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Posted: Apr 19, 2013
Focus on growing threat of space debris
(Nanowerk News) The continuing growth in space debris poses an increasing threat to economically vital orbital regions. Next week, hundreds of top experts from across the globe will meet at Europe’s largest-ever debris forum to share their latest research findings and discuss potential solutions.
Satellite operators worldwide, including those flying telecom, weather, navigation, broadcast and climate-monitoring missions, are now focusing their efforts on controlling space debris.
All human-made objects now in space result from the near-5000 launches by all spacefaring nations since the start of the space age. Around two thirds of catalogued objects originate from orbital break-ups – more than 240 explosions – and fewer than 10 known collisions.
Distribution of space debris.
The 2009 collision between America’s Iridium-33 civil communications satellite and Russia’s Kosmos-2251 military satellite destroyed both and created a large amount of debris – more than 2200 tracked fragments.
Scientists estimate the level of space debris orbiting Earth to be around 29 000 objects larger than 10 cm, 670 000 pieces larger than 1 cm, and more than 170 million above 1 mm.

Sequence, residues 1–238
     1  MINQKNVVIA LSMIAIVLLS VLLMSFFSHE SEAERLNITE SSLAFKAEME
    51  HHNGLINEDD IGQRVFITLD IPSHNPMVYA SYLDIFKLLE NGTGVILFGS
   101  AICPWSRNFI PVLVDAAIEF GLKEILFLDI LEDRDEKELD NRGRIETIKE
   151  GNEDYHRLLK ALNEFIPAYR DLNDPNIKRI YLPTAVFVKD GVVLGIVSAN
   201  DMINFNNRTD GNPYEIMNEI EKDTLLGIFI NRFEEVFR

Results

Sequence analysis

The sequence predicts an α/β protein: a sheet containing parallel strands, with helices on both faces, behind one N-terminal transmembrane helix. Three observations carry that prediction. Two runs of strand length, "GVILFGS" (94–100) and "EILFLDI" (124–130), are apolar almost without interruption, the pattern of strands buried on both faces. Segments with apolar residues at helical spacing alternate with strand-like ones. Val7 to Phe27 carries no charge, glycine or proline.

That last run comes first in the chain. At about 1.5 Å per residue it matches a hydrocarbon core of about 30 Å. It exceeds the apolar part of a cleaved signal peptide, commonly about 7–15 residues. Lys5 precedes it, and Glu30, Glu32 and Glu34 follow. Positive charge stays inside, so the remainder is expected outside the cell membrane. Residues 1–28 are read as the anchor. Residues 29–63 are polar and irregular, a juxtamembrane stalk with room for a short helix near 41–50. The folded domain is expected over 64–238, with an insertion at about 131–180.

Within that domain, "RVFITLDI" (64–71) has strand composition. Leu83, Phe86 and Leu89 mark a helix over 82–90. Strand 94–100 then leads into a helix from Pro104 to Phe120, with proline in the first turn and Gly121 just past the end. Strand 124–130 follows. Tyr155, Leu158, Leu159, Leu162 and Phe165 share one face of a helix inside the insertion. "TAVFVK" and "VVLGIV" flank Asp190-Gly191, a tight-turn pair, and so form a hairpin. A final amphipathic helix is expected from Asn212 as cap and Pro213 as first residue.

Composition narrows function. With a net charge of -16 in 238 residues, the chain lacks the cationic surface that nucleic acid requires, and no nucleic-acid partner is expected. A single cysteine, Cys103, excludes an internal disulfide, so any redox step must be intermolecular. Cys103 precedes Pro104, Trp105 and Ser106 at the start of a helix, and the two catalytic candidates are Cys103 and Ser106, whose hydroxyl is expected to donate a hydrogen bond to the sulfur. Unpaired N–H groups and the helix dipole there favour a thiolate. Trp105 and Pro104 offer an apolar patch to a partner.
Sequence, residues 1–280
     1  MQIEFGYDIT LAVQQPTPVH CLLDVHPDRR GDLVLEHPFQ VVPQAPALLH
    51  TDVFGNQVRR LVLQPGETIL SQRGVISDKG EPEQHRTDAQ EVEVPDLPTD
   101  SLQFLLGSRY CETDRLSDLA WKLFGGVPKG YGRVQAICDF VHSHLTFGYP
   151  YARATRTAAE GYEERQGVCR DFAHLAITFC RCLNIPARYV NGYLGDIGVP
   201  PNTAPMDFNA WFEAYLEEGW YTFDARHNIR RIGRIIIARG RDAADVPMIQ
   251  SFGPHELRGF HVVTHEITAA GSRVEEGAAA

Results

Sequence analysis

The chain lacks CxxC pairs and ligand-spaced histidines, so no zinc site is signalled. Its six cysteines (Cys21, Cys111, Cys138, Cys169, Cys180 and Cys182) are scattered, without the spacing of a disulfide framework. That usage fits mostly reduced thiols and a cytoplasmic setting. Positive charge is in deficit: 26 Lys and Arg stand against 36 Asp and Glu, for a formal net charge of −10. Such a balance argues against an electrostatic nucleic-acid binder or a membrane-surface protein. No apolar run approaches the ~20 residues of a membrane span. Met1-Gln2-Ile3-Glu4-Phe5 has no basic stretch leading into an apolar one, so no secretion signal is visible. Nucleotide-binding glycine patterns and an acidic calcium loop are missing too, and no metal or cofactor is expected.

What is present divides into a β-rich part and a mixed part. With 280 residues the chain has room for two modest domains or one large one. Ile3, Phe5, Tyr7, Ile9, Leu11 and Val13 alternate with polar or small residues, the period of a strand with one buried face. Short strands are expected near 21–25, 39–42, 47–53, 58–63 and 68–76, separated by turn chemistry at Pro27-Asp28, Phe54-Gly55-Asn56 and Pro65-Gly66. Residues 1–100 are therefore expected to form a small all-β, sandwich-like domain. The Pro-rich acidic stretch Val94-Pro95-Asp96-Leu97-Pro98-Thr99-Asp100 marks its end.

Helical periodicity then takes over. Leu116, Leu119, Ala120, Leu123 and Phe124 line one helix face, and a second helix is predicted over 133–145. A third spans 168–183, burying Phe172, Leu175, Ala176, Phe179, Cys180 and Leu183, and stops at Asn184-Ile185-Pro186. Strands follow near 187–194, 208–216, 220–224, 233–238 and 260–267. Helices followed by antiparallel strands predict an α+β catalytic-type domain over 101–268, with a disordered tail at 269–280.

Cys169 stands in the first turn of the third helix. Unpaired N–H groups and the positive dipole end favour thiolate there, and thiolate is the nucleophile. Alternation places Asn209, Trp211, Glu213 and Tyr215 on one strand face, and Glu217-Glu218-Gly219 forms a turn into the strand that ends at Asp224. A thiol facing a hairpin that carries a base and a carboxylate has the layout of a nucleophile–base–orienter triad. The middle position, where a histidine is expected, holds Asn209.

“Any of these objects can harm an operational spacecraft,” says Heiner Klinkrad, Head of ESA’s Space Debris Office.
Heiner explains that satellite collisions with fragments larger than 10 cm would be catastrophic, releasing hazardous debris clouds that can cause further catastrophic collisions that may lead to increasing debris in some orbits.
“Space debris mitigation measures, if properly implemented by satellite designers and mission operators, can curtail the growth rate of the debris population. Active debris removal, however, has been shown to be necessary to reverse the debris increase,” says Heiner.
The ultimate goal is to prevent collisional cascading from setting in over the next few decades.
“As this is a global task, active removal is a challenge that should be undertaken by joint efforts in cooperation with the world’s space agencies and industry,” says Thomas Reiter, Director of Human Spaceflight and Operations.
“ESA, as a space technology and operations agency, has identified the development of active removal technologies as a strategic goal.”
During four days, the conference will present and discuss the latest results, define future directions of research, and look at active debris removal.
More than 300 researchers, engineers, policy-makers, space law specialists, insurance underwriters, space and ground system operators, and institutional organisations such as the EU and the UN are expected to attend.
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